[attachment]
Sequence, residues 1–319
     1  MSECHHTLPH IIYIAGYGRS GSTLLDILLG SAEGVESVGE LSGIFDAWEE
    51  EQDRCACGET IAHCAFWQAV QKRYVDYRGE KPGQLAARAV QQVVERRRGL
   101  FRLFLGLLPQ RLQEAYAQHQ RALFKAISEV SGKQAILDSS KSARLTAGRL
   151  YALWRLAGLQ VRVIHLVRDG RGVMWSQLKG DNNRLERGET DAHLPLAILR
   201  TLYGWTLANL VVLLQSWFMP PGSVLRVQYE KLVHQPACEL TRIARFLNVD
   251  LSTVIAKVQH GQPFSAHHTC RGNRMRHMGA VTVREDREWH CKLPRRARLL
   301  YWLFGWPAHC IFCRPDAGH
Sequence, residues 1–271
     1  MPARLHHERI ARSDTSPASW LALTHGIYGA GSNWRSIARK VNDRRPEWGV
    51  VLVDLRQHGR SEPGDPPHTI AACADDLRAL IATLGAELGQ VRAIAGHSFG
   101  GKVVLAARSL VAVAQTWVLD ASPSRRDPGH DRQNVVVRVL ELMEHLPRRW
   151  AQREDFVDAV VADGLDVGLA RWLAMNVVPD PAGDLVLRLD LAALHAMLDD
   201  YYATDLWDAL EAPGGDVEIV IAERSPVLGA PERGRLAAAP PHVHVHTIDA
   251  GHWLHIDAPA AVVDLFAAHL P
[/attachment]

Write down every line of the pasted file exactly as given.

Sequence, residues 1–319
     1  MSECHHTLPH IIYIAGYGRS GSTLLDILLG SAEGVESVGE LSGIFDAWEE
    51  EQDRCACGET IAHCAFWQAV QKRYVDYRGE KPGQLAARAV QQVVERRRGL
   101  FRLFLGLLPQ RLQEAYAQHQ RALFKAISEV SGKQAILDSS KSARLTAGRL
   151  YALWRLAGLQ VRVIHLVRDG RGVMWSQLKG DNNRLERGET DAHLPLAILR
   201  TLYGWTLANL VVLLQSWFMP PGSVLRVQYE KLVHQPACEL TRIARFLNVD
   251  LSTVIAKVQH GQPFSAHHTC RGNRMRHMGA VTVREDREWH CKLPRRARLL
   301  YWLFGWPAHC IFCRPDAGH
Sequence, residues 1–271
     1  MPARLHHERI ARSDTSPASW LALTHGIYGA GSNWRSIARK VNDRRPEWGV
    51  VLVDLRQHGR SEPGDPPHTI AACADDLRAL IATLGAELGQ VRAIAGHSFG
   101  GKVVLAARSL VAVAQTWVLD ASPSRRDPGH DRQNVVVRVL ELMEHLPRRW
   151  AQREDFVDAV VADGLDVGLA RWLAMNVVPD PAGDLVLRLD LAALHAMLDD
   201  YYATDLWDAL EAPGGDVEIV IAERSPVLGA PERGRLAAAP PHVHVHTIDA
   251  GHWLHIDAPA AVVDLFAAHL P